Remote Audits: Continuous Compliance in WFH

During the pandemic, business leaders can use remote audits to approach compliance strategically and drive business growth

With official reports that the U.S. economy has entered a recession, organizations are looking for every opportunity to cut costs and grow their business. And even as the economy slowly reopens, most organizations are opting to work from home because of the advantages it offers. Yet despite this economic slowdown, compliance remains mandatory, and the trust it provides is at a premium. With organizations working more from home and compliance remaining mandatory, the ability to complete audits remotely is more important now than ever before, both for the business value of compliance and the efficiency (cost and flexibility) of the approach.

Fortunately, almost every regulatory board or accrediting body recognizes the value of remote audits and their importance in these times. Ultimately, the responsibility to conduct remote audits effectively falls to the CBs or QAs conducting the testing, so make sure your auditor has that ability.


According to the AICPA FAQs SOC 1 and SOC 2 Issues Arising From COVID-19, remote audits are allowed. The AICPA notes that there are risks from a remote workforce that may have emerged, such as managing call centers from home or effectively maintaining controls during layoffs. However, remote audits are permitted since videoconferencing and remote records review can help maintain social distancing protocols.

ANAB – ISO 27001/ISO 22301

ANAB has published a series of “Heads Up” advisories, including Issue 445, Issue 448, Issue 449, Issue 450, Issue 452 and Issue 453. ANAB has stressed that health and safety come first since the beginning of the pandemic and acknowledged the pandemic may cause delays. Although ANAB is still requiring audits to be completed in 2020, they are granting a six-month extension if the outbreak prevents recertification. Previous guidance from the IAF Informative Document For Management of Extraordinary Events and Accreditation Rule 9 already enables remote testing.


According to the PCI SSC COVID-19 communication page, the process for a remote audit was outlined in a December 2017 Article. And from July 31-Oct. 31, the PCI SSC is granting six-month extensions. In March, PCI SSC published a remote assessment blog that acknowledges that an assessor may not always be able to be on-site, but that the assessor is still responsible for maintaining the integrity of the assessment. A follow-up remote assessment blog provides much more detail and some potential risks, such as disabling security controls to enable remote testing.


HITRUST has published a series of advisories in response to the outbreak. A March advisory, HAA 2020-001, waives on-site requirements to enable remote audits, citing the risk assessment-related travel. HAA 2020-004 announced Bridge Assessments, which grant a 30-day extension for reassessments, recognizing the challenges that organizations face during this time.


FedRAMP has not provided any communication related to remote audits. As of now, organizations still need to plan for on-site testing; however, a FedRAMP Security Assessment Report (SAR) may delay this testing by 90 days by recording it in a Plan of Actions and Milestones (POAM).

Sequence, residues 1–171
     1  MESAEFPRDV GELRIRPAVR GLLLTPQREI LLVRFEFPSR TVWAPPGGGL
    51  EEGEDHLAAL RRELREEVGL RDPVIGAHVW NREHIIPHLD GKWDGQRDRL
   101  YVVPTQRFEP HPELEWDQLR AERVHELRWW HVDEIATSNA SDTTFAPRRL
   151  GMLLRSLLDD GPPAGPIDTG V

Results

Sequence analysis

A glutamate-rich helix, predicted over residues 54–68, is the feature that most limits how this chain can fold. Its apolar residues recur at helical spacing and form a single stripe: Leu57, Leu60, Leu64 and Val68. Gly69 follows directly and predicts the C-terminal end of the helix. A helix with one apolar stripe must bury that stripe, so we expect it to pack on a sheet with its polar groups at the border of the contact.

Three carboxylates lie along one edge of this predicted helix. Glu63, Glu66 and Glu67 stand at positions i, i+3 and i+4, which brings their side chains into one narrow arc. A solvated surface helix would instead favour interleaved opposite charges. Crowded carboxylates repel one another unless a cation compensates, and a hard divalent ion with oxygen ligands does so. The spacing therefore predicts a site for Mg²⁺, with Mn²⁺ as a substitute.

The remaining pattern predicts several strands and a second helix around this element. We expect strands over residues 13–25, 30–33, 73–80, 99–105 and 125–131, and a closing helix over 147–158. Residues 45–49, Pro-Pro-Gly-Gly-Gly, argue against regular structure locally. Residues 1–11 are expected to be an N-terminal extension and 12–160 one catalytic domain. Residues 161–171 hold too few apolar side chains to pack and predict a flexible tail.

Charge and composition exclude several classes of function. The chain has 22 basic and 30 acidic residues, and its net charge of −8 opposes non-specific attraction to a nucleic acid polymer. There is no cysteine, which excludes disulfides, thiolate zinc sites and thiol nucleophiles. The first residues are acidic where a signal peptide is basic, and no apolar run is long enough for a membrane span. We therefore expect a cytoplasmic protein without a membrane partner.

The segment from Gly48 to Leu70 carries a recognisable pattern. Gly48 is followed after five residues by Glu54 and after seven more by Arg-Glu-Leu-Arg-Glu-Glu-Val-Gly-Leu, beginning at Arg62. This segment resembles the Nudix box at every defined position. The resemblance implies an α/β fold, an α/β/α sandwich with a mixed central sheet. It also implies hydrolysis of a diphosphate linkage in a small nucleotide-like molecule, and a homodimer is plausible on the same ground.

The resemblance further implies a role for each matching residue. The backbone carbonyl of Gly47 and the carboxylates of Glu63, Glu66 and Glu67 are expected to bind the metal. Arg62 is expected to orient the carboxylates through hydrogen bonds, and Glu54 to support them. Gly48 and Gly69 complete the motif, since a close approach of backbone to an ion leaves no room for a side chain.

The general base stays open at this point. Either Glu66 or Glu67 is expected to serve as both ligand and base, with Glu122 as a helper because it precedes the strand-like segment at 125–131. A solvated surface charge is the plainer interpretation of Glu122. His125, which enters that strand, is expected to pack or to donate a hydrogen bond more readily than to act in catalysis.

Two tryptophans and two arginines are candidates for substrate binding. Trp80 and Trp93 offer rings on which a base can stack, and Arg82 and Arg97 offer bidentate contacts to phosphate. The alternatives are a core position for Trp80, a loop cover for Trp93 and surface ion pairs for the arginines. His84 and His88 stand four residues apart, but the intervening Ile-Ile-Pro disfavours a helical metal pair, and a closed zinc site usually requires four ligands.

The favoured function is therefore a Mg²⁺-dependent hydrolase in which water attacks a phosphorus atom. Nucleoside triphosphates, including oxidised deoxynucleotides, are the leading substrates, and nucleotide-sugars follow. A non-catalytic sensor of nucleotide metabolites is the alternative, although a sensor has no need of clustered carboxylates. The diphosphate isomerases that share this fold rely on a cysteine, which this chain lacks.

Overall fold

Realizing the Strategic Value of Remote Audits

To summarize, the majority of audits can be conducted remotely, and many are offering grace periods for recertification or reassessment. If organizations are considering more than one of these audits, they should be advised that they could address multiple security standards at once.

According to the Gartner “Market Guide for Organization Security Certification Services” published May 26 by Brent Predovich, Katell Thielemann and Sam Olyaei, “The control requirements and the sections of the security standards against which certifications and attestations are generated have significant overlap. If there is a need to obtain more than one certification or attestation, there is value in consolidating audit planning, audit data gathering, interviews and evidence collection efforts into a vendor selection exercise with multiple security certifications/attestations.”

Strategic compliance may be defined as centralizing evidence collection and audit processes, standardizing compliance requirements and consolidating audits and service providers into a streamlined project approach. In this way, remote audits should be considered a tactic to enable strategic compliance, as the elimination of in-person requirements further streamlines the audit process and efficiencies. As business leaders continue to navigate uncharted territory, they can establish a sense of certainty through compliance—and they can approach compliance more strategically to drive business growth. Remote audits will help achieve this goal.

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Andrew Houshian

Andrew Houshian is a Director of Service Delivery and Operations at A-LIGN, where he oversees the completion and review of SOC and attestation reports, creates practice content and materials, publishes relevant attestation whitepapers and blogs, supervises teams in the field, and maintains key client relationships. Andrew has over 11 years of experience performing SOC and attestation engagements.

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